So why, you may ask, is time of possession important in the NFL?

Theoretically, a team could get the ball off of a touchback and then throw a 75-yard touchdown in what, 10 seconds, before kicking the ball back to their opponent. If you do that a few times in a contest, the average time of possession will surely skew in the wrong direction, even if it results in a win.

Alternatively, a team could string together a 13 play, six-minute drive only to turn the ball over at the goal line for a 100-yard pick-six. If that happens, it’ll be darn hard not to win the time of possession game, even if the actual game game goes down as an L in the standings.

While both of those examples are valid and could conceivably swing the stats one way or another, they are exceptions to the rule and can’t be counted on happening with regularity.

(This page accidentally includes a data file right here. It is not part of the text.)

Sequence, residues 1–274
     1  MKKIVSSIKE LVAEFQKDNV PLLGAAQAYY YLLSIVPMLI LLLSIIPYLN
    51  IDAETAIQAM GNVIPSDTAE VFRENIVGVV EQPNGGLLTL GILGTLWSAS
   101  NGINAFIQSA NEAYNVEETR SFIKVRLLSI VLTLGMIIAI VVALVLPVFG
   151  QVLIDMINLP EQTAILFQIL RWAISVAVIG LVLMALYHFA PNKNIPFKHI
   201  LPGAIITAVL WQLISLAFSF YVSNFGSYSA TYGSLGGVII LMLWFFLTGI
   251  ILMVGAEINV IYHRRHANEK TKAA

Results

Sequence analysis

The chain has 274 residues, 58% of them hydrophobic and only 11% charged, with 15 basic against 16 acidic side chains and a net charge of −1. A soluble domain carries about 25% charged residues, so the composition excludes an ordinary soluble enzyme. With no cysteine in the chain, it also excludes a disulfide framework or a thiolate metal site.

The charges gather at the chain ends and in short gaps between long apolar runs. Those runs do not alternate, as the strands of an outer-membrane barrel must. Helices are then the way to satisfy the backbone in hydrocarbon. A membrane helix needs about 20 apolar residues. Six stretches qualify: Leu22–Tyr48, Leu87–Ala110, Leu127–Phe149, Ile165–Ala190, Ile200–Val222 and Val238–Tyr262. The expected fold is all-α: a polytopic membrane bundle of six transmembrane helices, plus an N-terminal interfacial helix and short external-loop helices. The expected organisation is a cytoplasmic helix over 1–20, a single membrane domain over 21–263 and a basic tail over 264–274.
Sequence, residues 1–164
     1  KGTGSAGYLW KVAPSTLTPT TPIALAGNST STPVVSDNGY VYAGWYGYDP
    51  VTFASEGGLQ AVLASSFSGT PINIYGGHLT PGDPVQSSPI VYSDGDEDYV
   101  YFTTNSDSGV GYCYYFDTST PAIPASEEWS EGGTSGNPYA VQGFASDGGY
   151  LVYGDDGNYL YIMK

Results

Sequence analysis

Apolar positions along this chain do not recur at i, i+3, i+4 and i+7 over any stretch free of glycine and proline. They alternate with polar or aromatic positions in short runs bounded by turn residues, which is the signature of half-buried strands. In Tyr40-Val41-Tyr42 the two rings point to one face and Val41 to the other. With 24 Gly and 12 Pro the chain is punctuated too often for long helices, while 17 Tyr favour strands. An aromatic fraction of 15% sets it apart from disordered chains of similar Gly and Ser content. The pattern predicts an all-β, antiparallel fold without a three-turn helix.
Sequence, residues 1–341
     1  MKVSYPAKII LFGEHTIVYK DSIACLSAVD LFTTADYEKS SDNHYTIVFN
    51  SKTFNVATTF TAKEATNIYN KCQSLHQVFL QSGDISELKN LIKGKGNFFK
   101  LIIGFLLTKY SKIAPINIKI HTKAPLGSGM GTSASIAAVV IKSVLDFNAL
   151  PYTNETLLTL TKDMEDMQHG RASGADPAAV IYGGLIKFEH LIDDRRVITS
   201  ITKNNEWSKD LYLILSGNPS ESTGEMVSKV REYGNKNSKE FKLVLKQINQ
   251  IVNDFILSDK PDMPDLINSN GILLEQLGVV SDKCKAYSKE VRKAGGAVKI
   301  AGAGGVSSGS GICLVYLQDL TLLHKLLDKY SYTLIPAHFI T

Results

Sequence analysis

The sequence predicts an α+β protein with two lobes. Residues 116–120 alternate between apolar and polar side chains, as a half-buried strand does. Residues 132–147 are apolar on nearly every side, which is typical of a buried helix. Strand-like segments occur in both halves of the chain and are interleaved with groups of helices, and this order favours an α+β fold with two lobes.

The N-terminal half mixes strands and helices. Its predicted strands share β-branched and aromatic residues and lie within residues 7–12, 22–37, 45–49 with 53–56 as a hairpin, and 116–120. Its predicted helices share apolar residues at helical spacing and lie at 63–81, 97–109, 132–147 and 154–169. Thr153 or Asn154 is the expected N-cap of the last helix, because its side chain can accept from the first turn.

What you can count on with a fair bit of confidence, however, is at least being competitive in contests where you possess the ball for the majority of the game, as said team can very literally dictate the pace of play and hold momentum in the palm of their gloves.

Think, if you will, back to one of those horrible games where an opposing team ran down the clock for eight-plus minutes just for the fun of it. Do you remember how horrible that is to watch? The clock just ticks away, the opposing team takes just a bit too long in the huddle and then is able to pick up four yards in a cloud of dust without batting an eye. It’s horrible to watch and incredibly demoralizing… unless your favorite team is the one manipulating the clock in their favor.

This was Doug Pederson‘s strategy during the Philadelphia Eagles’ Super Bowl run in 2017 – get up early with the pass and run down the clock with a pair of power runners – and it worked very well. It was not, by contrast, the team’s strategy in 2020 and surely played into the reason why the author of “Fearless” spent his preseason on a training camp tour of his coaching tree instead of attempting to return to his former glory in a midnight green visor.